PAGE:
Median duration (range) of exposure was 103.1 (0.1-201.1) wk on asciminib and 30.5 (1.0-188.3) wk on BOS. Despite asciminib’s longer duration of exposure, its safety/tolerability continued to be better than that of BOS (Table). Fewer pts on asciminib than BOS had AEs leading to treatment discontinuation (7.7% vs 26.3%). No new on-treatment deaths were reported since the primary analysis. Most frequent (>10%) grade ≥3 AEs on asciminib vs BOS were thrombocytopenia (22.4%, 9.2%), neutropenia (18.6%, 14.5%), diarrhea (0%, 10.5%), and increased alanine aminotransferase (0.6%, 14.5%).

Conclusion
After >2 years of follow-up, asciminib continued to show clinically and statistically significant, superior efficacy and better safety/tolerability vs BOS. Responses were durable, and MMR was more than double on asciminib than BOS. The difference in MMR rates between the 2 arms increased from 12.2% at wk 24 to 21.7% at wk 96. A higher proportion of pts had BCR::ABL1IS ≤1%, a milestone response in later lines that is associated with improved long-term survival. These results further support the use of asciminib as a new CML therapy, with the potential to transform standard of care.

Keyword(s): BCR-ABL, Chronic myeloid leukemia, Phase III, Tyrosine kinase inhibitor

Presentation during EHA2022: All Oral presentations will be presented between Friday, June 10 and Sunday, June 12 and will be accessible for on-demand viewing from Monday, June 20 until Monday, August 15, 2022 on the Congress platform.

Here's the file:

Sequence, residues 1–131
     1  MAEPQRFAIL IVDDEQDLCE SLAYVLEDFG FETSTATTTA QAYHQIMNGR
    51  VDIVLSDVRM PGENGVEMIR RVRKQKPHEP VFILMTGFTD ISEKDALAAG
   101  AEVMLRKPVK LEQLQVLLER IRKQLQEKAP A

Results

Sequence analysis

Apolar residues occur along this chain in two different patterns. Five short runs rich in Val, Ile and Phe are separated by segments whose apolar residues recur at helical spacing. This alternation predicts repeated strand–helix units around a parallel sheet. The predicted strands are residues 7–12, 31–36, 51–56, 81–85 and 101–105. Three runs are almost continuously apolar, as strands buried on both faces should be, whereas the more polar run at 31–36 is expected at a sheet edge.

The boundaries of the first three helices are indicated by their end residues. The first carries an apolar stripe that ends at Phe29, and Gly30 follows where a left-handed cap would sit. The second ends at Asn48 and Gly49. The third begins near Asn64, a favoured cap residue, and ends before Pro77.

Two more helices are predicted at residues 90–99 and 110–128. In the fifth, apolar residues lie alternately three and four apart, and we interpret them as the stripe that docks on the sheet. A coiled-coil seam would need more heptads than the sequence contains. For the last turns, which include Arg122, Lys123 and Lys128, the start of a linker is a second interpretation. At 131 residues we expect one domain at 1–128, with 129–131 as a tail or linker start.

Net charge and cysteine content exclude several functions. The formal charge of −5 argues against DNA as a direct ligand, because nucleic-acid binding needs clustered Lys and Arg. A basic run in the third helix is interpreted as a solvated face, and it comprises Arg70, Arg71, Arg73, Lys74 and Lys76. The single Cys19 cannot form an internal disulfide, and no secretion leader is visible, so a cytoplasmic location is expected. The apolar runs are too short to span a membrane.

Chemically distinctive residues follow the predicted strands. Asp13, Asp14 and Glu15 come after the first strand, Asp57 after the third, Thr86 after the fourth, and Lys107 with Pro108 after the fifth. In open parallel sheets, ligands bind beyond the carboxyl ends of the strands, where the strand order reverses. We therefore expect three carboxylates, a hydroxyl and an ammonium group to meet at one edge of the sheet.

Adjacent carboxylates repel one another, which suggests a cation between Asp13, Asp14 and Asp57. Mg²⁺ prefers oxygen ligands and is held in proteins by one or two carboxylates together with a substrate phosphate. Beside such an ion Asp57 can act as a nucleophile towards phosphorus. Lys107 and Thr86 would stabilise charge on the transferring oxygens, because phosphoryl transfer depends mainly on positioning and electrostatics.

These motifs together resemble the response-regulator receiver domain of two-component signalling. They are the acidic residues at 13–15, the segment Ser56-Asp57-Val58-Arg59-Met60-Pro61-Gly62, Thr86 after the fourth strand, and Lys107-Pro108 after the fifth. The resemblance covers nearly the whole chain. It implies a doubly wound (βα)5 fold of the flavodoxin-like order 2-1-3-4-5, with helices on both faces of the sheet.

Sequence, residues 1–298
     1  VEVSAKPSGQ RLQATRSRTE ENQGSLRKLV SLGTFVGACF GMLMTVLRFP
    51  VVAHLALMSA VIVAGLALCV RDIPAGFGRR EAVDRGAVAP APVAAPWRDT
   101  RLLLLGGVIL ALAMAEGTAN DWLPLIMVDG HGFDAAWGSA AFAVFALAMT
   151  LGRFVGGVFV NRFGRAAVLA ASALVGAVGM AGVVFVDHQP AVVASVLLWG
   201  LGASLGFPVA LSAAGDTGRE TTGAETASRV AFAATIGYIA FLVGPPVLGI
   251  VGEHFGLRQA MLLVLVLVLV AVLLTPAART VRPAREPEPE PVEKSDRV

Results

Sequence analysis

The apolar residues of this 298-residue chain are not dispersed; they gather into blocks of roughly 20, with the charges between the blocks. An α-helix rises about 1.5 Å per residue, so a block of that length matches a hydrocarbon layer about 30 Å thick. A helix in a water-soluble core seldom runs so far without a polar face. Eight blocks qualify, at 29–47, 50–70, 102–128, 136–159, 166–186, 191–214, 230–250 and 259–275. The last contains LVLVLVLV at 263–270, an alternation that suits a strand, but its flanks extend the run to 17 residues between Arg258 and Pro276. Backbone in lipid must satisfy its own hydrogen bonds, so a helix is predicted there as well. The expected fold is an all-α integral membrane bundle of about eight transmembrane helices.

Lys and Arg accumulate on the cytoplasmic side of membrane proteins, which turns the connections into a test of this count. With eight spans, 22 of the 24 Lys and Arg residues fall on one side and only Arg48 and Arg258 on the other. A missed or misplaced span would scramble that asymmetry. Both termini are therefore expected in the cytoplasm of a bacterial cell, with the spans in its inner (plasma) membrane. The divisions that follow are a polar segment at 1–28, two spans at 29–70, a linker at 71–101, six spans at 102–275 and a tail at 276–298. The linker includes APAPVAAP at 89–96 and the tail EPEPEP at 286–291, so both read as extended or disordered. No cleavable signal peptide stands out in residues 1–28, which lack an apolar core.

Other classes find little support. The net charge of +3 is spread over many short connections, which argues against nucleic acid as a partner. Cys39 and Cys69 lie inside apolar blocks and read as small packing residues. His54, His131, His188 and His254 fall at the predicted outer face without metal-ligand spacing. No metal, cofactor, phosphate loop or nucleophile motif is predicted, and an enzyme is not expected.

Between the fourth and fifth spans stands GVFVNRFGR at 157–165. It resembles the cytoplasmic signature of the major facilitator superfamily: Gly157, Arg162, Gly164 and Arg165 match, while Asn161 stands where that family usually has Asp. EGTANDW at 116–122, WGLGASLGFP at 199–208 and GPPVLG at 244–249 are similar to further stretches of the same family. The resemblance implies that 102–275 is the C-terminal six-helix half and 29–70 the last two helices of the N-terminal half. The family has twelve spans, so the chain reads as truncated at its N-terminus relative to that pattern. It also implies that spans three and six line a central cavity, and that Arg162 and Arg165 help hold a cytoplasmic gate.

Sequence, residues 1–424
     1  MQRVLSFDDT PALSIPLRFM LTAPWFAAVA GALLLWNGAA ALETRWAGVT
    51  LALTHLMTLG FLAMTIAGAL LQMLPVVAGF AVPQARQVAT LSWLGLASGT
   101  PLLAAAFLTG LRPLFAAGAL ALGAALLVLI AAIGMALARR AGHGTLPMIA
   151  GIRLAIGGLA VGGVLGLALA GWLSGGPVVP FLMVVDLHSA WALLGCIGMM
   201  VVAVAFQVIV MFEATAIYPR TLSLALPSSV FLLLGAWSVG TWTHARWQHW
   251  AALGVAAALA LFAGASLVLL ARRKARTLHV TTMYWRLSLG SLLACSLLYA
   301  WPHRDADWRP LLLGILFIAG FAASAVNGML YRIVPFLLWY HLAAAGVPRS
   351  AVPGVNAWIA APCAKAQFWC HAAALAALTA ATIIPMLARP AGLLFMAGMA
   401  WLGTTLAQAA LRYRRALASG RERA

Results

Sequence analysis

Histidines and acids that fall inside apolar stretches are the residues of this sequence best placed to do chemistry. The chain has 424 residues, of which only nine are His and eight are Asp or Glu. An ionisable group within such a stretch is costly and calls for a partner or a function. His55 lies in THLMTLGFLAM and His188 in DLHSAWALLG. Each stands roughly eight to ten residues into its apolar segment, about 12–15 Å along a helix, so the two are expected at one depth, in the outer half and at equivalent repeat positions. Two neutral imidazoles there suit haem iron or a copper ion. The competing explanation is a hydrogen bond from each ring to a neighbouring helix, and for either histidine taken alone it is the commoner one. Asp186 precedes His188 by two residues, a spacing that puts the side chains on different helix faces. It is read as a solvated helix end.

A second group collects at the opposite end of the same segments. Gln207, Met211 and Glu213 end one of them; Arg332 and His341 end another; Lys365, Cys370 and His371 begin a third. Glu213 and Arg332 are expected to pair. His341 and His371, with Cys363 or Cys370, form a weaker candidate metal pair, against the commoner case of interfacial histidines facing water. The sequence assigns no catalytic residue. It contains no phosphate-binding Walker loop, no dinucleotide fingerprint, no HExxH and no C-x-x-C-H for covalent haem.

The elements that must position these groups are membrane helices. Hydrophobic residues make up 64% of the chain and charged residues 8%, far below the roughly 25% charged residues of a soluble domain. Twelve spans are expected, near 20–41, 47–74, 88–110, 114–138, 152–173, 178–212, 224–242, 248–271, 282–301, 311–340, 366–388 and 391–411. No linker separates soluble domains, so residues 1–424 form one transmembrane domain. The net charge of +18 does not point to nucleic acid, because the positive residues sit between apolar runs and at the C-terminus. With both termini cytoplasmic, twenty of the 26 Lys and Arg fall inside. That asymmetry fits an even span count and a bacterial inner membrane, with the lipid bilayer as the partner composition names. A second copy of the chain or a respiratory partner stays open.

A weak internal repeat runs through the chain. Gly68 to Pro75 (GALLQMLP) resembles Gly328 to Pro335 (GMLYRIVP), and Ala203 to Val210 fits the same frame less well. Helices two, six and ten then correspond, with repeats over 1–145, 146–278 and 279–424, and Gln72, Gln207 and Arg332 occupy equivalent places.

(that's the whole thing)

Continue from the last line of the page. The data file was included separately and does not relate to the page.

Abstract: S155

Type: Oral Presentation

Session title: Treatment and monitoring in CML

Background
Asciminib is the 1st BCR::ABL1 inhibitor to Specifically Target the ABL Myristoyl Pocket (STAMP). In the ASCEMBL primary analysis, asciminib had superior efficacy and better safety/tolerability vs bosutinib (BOS) in patients (pts) with chronic myeloid leukemia in chronic phase (CML-CP) after ≥2 prior tyrosine kinase inhibitors (TKIs). Major molecular response (MMR) rate at wk 24 was 25.5% on asciminib vs 13.2% on BOS; the difference in MMR rates after adjusting for baseline major cytogenetic response (MCyR) was 12.2% (95% CI, 2.19%-22.30%; 2-sided P=.029). Fewer grade ≥3 adverse events (AEs) and AEs leading to treatment discontinuation occurred on asciminib vs BOS. After a median follow-up of 2.3 years (16.5 months’ additional follow-up since the primary analysis), we report updated efficacy and safety results (cutoff: October 6, 2021).

Aims
The key secondary objective was to compare MMR rate at wk 96 on asciminib vs BOS.

Methods
Eligible pts provided informed consent, were adults with CML-CP after ≥2 prior TKIs, with intolerance or lack of efficacy per 2013 European LeukemiaNet recommendations. They were randomized 2:1 to asciminib 40 mg twice daily or BOS 500 mg once daily, stratified by baseline MCyR status (Ph+ metaphases ≤35%).